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On 08/07/2018 14:38, DerbyBorn wrote:

neither? one external hdd doesn't make a backup.
it does make a copy.
The problem is that at some point there will be a failure while doing the backup and you will lose both.
Maybe it will be a hardware fault or a virus that encrypts your disks or a software fault in the OS or the backup software but it will happen sooner or later.
Anyway having got the bad bit over with .. what software does it come with and which version of windows do you have?
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On 08/07/2018 16:34, dennis@home wrote:

Windows Backup is broken in the latest release of Win 10, and MS have no intention to fix it. I think the only option is to use 3rd party backup software.
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wrote:

What do you claim is broken about it ?

I use both, even 3rd party backup software can fail at times.
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windows 10 - latst update Windows 10, version 1803
https://www.seagate.com/manuals/software/dashboard/backing-up-your- files-to-seagate-storage/
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Not necessarily if you don’t have just one backup image.
In spade with a cloud backup with what comes with the drive.

Never happened to me and I have been doing it for more than half a century now.

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The main downside with that one is that you can't keep multiple different backups with some versions of Win but you don’t say which Win you are running.

The latest version of Acronis True Image has more capability, particularly when using the backup to move the installed Win to another system with different hardware and when replacing the internal drive with a bigger one etc.
The live incremental backup is safer than with the older Win backups and if its an old enough Win, there isnt even a live incremental backup at all.
On the whole the Win backup is more limited, but may be all you need.
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On 08/07/2018 14:38, DerbyBorn wrote:

Well its a start - but you need more than one physical device for backup.

I would suggest buying a bit of software proper backups (full and incremental). Also make an image of the system from time to time for quick disaster recovery.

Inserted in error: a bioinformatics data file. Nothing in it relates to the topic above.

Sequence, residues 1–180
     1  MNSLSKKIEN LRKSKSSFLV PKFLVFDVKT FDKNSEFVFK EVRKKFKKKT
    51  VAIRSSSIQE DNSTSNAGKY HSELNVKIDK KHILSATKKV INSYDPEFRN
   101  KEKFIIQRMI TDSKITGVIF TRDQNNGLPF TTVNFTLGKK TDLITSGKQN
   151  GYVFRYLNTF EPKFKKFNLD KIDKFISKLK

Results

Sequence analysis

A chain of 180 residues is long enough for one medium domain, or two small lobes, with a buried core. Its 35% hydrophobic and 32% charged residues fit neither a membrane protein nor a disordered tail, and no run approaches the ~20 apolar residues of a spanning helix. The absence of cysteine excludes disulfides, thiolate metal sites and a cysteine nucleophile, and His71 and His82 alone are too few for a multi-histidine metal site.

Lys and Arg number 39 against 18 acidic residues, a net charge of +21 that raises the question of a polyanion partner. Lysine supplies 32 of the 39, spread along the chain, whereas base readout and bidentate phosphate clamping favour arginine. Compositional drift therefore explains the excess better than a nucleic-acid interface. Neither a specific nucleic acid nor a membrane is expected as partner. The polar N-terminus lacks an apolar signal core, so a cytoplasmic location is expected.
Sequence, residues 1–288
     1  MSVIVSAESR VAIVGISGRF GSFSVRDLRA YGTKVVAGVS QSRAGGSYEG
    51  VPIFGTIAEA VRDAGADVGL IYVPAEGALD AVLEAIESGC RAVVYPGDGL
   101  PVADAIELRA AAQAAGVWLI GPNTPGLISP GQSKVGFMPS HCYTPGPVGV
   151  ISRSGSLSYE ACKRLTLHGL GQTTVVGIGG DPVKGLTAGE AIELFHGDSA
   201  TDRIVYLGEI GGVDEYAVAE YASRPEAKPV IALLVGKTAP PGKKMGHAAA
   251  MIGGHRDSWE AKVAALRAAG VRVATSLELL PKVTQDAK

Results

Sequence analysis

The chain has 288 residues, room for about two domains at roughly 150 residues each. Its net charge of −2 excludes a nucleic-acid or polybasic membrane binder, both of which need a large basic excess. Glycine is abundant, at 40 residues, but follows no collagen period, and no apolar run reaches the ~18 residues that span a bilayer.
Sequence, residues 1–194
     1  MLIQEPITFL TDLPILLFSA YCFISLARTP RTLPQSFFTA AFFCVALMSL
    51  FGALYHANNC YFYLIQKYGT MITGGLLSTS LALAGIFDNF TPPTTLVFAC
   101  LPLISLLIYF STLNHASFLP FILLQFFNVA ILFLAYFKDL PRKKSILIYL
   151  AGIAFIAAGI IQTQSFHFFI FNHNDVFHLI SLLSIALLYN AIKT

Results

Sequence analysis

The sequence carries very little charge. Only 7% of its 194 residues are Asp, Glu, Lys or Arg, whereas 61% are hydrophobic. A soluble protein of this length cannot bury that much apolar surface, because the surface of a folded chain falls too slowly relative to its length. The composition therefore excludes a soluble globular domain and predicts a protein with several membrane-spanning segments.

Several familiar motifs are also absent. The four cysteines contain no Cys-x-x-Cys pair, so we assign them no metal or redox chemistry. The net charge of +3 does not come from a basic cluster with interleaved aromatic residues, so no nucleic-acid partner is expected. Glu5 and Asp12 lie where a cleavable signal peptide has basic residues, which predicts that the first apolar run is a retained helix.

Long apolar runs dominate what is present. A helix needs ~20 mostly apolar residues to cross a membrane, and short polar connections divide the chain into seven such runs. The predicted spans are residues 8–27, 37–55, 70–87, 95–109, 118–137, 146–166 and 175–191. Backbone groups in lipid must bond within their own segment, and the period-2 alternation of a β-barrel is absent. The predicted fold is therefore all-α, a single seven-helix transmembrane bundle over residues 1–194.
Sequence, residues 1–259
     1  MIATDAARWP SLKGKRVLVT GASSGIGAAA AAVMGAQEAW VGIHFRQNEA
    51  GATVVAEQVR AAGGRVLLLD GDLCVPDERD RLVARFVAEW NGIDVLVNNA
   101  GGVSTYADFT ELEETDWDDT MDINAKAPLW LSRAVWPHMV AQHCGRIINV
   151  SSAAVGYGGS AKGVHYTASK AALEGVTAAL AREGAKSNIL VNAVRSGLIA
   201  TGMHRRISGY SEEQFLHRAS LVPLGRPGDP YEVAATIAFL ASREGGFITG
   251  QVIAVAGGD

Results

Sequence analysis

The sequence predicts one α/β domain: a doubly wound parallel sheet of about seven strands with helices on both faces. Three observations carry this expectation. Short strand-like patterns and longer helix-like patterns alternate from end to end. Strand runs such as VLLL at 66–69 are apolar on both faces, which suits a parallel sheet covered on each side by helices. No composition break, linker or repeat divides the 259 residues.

Having an image of a system is nice for a quick restore if you can do it to the same platform (or at least one very similar) without needing to manually reinstall the OS and backup software.
Something like the disk2vhd utility[1] will do a complete image backup that you can mount as a virtual disk or even use to spin up a complete VM can be quite good for that bit.
However its not a proper file level backup since it does not help in cases where you need a generational backup - i.e. you realise that a file you need was corrupted some months back, and you have backed it up ten times since then. You need a way of rolling back to the last good version, not just the previous backup.
You want to avoid having all your backups on the same physical device (it might fail, and anyway you don't want to risk corrupting you only backup when creating a new one).
Not having all your backups in one physical location is also good - you need to protect them from fire/flood/theft etc. Also keep in mind that an off site backup is a security vulnerability - so they should be either encrypted or under lock and key.
Some cloud backup services can be good - if you have the bandwidth and don't mind the cost.
[1] free download from sysinternals:
https://docs.microsoft.com/en-us/sysinternals/downloads/disk2vhd
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Doesn’t need to be very similar anymore with the best of the backup software and it isnt even that expensive either.

And that is where the Win backup fails very badly. But it is less clear how many of that serf of user actually uses that even if they can or if they actually need to if they don’t write code or do fancy spreadsheets or databases.

But the cloud backups do help a lot with that now.

Not if the offsite backup is just a swap with a mate or having it at work or something like that, but encrypted is possible with all but the worst backups anyway.